Most people don't actually need protein supplements.
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    Jan 23, 2013 9:50 PM GMT
    I eat most of my protein in meats, eggs, and nuts; but I also do Gold Standard casein protein when I have to work a long day without a lunch. It keeps me from getting hungry.
  • Medjai

    Posts: 2671

    Jan 23, 2013 9:57 PM GMT
    GregJorn said
    alex1990 saidI've heard there's protein powders that are a combination of Whey and Casein too. Are those any good?

    I do plan on getting a whey protein for post-workouts, and a casein protein to take before bed.


    I'm not too much of a muscle builder, more of runner. But the purpose of combining the two different types of proteins is that together they allow the body to be exposed to a more consistent level of protein. Consuming just whey leaves your body less protein after a few hours since the proteins are quickly hydrolyzed, consuming just casein means your body doesn't have the protein post workout since it takes some time to hydrolyze it. Consumption of both provides a more even distribution.

    Whey -> quick
    Soy -> Moderate
    Casein -> Long time

    Most shakes that use this idea also contain soy. A lot of people don't know however that the protein you put into your body doesn't just turn all into muscle, but unless you are taking steroids, a majority of it gets deaminized into something people can consider as carbs (technically it isn't a carbohydrate but there isn't an easy way to put it :/ ).

    Most people don't actually need protein supplements.


    It depends on the dose. The limiting factor is cellular demand. Your body will uptake all the protein you throw at it. However, if your body is only using 30g an hour for homeostasis and cellular repair, the rest will go to energy stores.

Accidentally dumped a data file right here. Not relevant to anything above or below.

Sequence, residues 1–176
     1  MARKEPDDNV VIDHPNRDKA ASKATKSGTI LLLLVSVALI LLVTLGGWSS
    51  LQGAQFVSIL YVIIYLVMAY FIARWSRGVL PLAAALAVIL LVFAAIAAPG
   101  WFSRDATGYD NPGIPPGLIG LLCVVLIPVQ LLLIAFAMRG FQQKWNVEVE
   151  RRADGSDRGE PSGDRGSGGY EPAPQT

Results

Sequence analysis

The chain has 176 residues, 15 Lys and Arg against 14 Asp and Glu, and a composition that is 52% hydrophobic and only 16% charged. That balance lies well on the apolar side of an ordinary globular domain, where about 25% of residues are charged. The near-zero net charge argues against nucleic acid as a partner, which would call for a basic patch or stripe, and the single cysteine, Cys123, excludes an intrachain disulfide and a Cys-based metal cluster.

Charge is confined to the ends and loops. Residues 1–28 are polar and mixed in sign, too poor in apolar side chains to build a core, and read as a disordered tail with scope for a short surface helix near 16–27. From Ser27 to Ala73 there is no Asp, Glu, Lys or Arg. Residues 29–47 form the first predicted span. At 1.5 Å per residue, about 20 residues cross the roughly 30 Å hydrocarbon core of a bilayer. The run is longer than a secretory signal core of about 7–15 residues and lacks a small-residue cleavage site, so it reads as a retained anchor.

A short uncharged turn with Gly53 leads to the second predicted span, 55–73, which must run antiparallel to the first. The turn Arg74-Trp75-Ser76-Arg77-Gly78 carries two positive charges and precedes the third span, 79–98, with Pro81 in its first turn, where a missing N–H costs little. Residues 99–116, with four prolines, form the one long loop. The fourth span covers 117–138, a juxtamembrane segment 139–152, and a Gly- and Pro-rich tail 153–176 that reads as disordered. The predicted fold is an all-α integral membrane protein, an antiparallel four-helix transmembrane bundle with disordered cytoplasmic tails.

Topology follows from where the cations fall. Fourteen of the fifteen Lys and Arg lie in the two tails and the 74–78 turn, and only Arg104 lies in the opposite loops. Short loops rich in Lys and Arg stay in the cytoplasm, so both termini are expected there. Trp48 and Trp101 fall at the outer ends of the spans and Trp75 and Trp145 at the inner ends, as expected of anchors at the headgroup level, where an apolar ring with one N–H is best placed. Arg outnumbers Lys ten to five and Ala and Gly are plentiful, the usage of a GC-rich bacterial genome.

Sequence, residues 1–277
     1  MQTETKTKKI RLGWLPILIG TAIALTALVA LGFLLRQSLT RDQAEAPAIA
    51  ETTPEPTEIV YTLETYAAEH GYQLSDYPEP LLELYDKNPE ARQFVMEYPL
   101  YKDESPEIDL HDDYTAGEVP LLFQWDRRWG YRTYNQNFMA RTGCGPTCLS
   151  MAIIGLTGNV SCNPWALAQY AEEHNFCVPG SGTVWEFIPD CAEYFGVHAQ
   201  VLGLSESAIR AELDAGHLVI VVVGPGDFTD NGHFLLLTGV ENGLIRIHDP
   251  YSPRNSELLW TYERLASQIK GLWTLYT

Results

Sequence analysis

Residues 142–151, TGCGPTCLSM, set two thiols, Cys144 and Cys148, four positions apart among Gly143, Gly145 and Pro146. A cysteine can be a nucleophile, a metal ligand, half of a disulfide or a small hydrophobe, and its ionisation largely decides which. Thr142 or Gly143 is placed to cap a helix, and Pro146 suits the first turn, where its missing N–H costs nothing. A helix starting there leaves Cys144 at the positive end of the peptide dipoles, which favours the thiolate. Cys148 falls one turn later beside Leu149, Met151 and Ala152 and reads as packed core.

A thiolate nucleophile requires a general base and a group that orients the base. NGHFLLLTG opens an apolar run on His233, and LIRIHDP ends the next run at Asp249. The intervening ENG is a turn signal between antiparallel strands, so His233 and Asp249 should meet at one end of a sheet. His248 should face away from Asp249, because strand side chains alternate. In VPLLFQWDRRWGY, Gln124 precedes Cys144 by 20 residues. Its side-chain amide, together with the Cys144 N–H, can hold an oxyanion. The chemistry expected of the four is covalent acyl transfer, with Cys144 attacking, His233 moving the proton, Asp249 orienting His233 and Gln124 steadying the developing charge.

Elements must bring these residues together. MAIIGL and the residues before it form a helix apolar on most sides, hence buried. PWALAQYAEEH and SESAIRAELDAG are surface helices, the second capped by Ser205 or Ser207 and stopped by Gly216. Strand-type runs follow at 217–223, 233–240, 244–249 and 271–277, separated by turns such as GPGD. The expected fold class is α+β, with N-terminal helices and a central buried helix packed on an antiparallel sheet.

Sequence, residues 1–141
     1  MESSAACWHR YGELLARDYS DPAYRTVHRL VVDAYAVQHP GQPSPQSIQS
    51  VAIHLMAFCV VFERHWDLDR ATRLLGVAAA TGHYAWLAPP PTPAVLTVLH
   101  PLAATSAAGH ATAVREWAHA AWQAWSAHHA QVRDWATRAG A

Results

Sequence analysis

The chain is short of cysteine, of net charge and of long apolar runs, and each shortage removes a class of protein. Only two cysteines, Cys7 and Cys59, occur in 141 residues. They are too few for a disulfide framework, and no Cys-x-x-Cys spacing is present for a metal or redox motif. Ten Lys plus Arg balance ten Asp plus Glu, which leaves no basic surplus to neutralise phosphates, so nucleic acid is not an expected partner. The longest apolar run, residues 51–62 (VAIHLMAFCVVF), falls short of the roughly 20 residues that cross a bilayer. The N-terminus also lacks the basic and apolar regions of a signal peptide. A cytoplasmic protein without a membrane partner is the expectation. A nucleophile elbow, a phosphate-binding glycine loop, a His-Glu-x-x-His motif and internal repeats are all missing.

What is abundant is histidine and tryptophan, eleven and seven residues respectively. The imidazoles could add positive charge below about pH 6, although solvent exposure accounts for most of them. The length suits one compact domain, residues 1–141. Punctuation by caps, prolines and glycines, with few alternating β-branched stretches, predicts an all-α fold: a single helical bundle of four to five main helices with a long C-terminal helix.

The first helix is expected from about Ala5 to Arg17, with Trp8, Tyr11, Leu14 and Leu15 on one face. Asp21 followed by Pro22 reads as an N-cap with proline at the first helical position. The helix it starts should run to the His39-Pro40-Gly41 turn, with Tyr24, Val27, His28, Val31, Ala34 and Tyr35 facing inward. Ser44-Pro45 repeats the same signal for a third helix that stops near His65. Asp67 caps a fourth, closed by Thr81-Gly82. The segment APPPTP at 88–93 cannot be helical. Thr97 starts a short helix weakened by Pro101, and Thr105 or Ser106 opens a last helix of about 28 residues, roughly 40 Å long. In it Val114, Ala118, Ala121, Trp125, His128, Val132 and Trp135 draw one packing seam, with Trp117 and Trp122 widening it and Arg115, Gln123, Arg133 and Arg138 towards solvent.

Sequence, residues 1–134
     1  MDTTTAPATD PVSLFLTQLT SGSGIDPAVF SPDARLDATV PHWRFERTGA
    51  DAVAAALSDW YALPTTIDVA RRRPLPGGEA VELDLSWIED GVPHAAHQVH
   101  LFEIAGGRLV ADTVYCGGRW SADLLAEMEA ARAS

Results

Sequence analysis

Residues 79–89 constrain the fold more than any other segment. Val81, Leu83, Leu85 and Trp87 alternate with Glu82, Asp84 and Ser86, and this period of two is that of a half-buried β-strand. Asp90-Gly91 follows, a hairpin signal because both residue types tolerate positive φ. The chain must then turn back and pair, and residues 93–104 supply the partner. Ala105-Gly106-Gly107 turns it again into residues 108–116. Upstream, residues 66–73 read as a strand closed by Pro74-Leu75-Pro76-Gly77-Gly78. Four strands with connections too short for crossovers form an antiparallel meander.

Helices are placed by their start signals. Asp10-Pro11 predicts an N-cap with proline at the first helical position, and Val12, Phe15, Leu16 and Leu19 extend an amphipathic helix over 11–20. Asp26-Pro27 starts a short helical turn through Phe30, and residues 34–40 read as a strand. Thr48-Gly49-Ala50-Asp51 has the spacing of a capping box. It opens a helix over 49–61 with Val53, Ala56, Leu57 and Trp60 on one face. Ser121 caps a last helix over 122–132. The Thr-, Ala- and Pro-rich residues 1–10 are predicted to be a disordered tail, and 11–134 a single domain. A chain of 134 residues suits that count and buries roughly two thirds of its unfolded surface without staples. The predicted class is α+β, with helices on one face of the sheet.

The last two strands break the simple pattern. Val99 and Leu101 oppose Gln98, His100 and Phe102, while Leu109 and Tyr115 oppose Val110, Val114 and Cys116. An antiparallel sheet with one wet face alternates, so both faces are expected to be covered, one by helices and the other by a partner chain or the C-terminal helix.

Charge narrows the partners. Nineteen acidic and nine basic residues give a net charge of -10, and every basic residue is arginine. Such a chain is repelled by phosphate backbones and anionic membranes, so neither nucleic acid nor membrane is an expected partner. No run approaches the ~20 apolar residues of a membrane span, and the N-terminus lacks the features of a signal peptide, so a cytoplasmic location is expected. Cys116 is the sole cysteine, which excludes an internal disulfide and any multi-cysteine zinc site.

You can't really say 'majority' without knowing demands and consumption, and full use is not dependent on steroids. You're right in some cases, but it is not a fair generalization.
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    Jan 23, 2013 10:00 PM GMT
    cottage cheese wih pineapple before bed - love it
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    Jan 23, 2013 10:05 PM GMT
    Resist GNC. So over priced. Get your supplements at www.bodybuilding.com. I don't work for either. Even with shipping bb.com will be cheaper. Plus all supplements have reviews. Try it. And MetRx makes a combination protein whey and casein.
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    Jan 25, 2013 7:18 AM GMT
    Whey protein isolate is a winner for me. I've used Davinci (expensive) and NOW (affordable) and liked both. It has aminos but no artificial sweeteners or additives. Good bang for your buck - good protein, lowest calories. I usually add in some glutamine powder, too.

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    Jan 25, 2013 7:50 AM GMT
    peronally i think the only difference in the expensive proteins and the cheap ones is taste and how they blend/mix..at least as far as generic whey proteins go, they branch out into different types of whey, isolate, hydrolized, etc etc, usually off season any brand of whey protein will do, as long as im getting the bang for my buck, closer to shows and or cutting diets, i opt for the more expensive merely for the taste.
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    Jan 25, 2013 9:51 AM GMT
    Medjai said
    GregJorn said
    alex1990 saidI've heard there's protein powders that are a combination of Whey and Casein too. Are those any good?